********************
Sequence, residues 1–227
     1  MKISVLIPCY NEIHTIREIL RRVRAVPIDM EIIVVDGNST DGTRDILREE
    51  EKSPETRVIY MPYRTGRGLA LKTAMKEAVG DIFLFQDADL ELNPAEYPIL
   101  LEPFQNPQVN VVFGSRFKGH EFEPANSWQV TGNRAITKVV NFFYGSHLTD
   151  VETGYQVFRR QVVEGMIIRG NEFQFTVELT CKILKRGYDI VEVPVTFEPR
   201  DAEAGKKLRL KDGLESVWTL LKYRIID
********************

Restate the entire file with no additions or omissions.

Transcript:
Sequence, residues 1–227
     1  MKISVLIPCY NEIHTIREIL RRVRAVPIDM EIIVVDGNST DGTRDILREE
    51  EKSPETRVIY MPYRTGRGLA LKTAMKEAVG DIFLFQDADL ELNPAEYPIL
   101  LEPFQNPQVN VVFGSRFKGH EFEPANSWQV TGNRAITKVV NFFYGSHLTD
   151  VETGYQVFRR QVVEGMIIRG NEFQFTVELT CKILKRGYDI VEVPVTFEPR
   201  DAEAGKKLRL KDGLESVWTL LKYRIID